“We all have lived too many years in a culture broken by brutally powerful men. For too long, women have not been heard or believed if they dare speak the truth to the power of those men. But their time is up.”
But is it?
Already, the #MeToo movement has gotten backlash from men (and some women) saying “That’s enough ladies.” Liam Neeson said this is turning into “a bit of a witch hunt.” Matt Damon came out to “mansplain” the difference between rape and a “pat on the butt,” Andrew Sullivan tells us to “Resist the excesses of #MeToo.” The relentlessly misogynist Bill Maher just referred to #MeCarthyism.”
Why the defensive posture? #MeToo is a righteous anger that has been simmering for eons, yet women (and affected men) are supposed to ration themselves in their complaint and, at long last, pursuit of justice?
“We’ll allow you to have your say, ladies – but not too much” is the expression of the insecure male who cannot tolerate a criticism he feels duty bound to personalize even if he is not the subject. Think of all the “no women” or “no colored” policies endured for centuries and now, a few months of protest against predators is “too much”?
We must no longer ration ourselves when it comes to having our voices.
The outspokenness of women and people of color only seems outlandish because we are so used to white male dominance in media, politics, business and even entertainment – where the highest paid are almost always white men.
#TimesUp on telling us we’ve had our say and should once again be quiet.
The great irony is if the current administration is brought down, it will be in great part because of the courage, determination, protests – and VOTES – of The Silence Breakers – all those who were disrespected by power brokers in media, politicians, “bros” of both parties, and of course by Vladimir Putin and his Russian ‘bots’.
Along with disgust at the “election” of admitted “pussy-grabber” Trump, doubtless part of these protests are in reaction to the misogynist double standard Hillary Clinton received at the hands of the press, her opponents and the far left in 2016. Hundreds more women are running for political office in the 2018 midterms, busting through old conditioning telling them they need “one more degree” or “more experience” to be qualified when no man ever stopped himself with such a thought.
These women deserve serious consideration and every opportunity to raise the level of our representation in government (frankly, the only way to ensure more women-friendly policies). Yet activism comes in many forms. It’s the poster you make for a visibility event. It’s the article you share letting your friends learn about someone’s qualifications. It’s the Town Hall you attend or the protest march. Surely, the most vital activism is exercising your right in the voting booth to choose who you want to fight for you, without consideration to or fear of a partner or peer. In our daily struggles juggling bills, family care and career, our votes are still the biggest way we can fight back against those who tell us we don’t matter.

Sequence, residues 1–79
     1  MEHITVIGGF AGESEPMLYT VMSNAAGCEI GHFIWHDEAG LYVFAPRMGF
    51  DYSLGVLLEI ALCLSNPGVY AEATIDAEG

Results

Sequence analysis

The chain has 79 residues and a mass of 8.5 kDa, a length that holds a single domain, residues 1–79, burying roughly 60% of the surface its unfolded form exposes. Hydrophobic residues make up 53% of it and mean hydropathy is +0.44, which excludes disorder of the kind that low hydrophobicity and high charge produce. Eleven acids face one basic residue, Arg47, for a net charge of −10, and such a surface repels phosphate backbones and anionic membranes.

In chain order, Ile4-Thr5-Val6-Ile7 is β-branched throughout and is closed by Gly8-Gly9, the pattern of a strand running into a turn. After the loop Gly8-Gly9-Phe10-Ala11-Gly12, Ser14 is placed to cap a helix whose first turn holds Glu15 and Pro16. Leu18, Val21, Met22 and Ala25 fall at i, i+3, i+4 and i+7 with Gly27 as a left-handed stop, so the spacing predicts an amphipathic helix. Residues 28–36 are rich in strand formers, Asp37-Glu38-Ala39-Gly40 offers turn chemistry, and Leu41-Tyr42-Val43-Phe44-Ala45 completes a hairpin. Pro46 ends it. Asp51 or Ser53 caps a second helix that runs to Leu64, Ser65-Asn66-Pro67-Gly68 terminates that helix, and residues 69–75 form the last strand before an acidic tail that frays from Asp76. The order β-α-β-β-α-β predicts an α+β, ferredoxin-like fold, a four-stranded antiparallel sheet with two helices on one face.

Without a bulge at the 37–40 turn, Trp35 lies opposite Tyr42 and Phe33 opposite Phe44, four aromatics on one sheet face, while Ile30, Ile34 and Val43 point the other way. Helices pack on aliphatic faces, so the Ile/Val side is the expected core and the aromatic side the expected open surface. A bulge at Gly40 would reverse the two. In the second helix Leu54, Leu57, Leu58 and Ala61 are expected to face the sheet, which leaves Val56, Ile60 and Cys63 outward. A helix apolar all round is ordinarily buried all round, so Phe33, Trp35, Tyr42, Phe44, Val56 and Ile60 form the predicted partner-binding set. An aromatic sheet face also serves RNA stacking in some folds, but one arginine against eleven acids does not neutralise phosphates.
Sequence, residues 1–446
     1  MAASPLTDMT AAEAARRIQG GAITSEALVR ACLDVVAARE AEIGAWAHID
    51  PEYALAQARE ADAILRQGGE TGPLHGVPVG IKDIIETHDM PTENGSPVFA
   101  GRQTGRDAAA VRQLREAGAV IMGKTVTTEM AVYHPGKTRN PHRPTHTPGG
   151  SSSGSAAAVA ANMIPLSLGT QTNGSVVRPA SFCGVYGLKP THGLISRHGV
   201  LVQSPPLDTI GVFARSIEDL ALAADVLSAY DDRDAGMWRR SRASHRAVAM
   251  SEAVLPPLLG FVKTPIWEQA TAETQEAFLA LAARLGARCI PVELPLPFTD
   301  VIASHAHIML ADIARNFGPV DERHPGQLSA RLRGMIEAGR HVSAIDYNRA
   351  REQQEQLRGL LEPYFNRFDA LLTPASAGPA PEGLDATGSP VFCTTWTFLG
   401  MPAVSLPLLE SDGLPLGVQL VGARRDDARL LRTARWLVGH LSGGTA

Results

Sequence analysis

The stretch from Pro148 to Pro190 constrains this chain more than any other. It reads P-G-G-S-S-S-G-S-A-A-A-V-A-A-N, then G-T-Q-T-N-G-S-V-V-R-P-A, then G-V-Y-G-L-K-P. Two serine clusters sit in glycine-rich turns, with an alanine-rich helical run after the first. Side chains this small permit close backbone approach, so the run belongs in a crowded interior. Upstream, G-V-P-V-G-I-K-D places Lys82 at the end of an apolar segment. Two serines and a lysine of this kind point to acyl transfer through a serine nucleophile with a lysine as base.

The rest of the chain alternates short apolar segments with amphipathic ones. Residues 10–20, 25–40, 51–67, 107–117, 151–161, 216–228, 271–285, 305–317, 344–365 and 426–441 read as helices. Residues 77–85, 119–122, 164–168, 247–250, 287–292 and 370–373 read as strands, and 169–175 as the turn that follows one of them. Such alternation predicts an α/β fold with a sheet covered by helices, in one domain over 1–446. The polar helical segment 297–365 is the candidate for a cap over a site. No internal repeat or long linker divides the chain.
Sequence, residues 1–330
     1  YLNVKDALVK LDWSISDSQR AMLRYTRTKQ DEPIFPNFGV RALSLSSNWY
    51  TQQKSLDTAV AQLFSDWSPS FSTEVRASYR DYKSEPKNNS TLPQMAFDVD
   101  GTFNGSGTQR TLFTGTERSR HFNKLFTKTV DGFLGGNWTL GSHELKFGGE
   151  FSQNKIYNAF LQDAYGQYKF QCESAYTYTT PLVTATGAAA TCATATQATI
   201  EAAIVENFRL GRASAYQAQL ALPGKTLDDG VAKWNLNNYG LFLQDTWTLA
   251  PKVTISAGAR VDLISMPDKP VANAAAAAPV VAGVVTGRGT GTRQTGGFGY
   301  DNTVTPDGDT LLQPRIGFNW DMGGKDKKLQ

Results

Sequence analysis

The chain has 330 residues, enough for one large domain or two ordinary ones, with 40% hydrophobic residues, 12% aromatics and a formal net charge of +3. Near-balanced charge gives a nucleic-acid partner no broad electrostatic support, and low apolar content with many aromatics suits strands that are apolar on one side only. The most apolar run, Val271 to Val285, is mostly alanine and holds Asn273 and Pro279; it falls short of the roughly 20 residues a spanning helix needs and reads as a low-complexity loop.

#TimesUp for predators to control the narrative that keeps them in power and keeps us fearful of speaking out against their misdeeds.
#TimesUp for women and people of color to be harassed, abused and not have their work recognized and rewarded equally.
#TimesUp for us to keep silent. We claim an equal seat at the table. Time for our voices to be heard – whether we choose to run for office or not.
#TimesUp also means women must have agency over their own bodies and the freedom to determine their own futures.
#TimesUp to be cajoled into accepting crumbs at the table or to be treated as a political football at election time.
Our protests and our votes bring with them an opportunity for lasting change for the betterment of both women and men.
The solidarity of millions is what makes those who would abuse their power know they can no longer intimidate their targets into silence and ensures that we can translate today’s protests into tomorrow’s representation.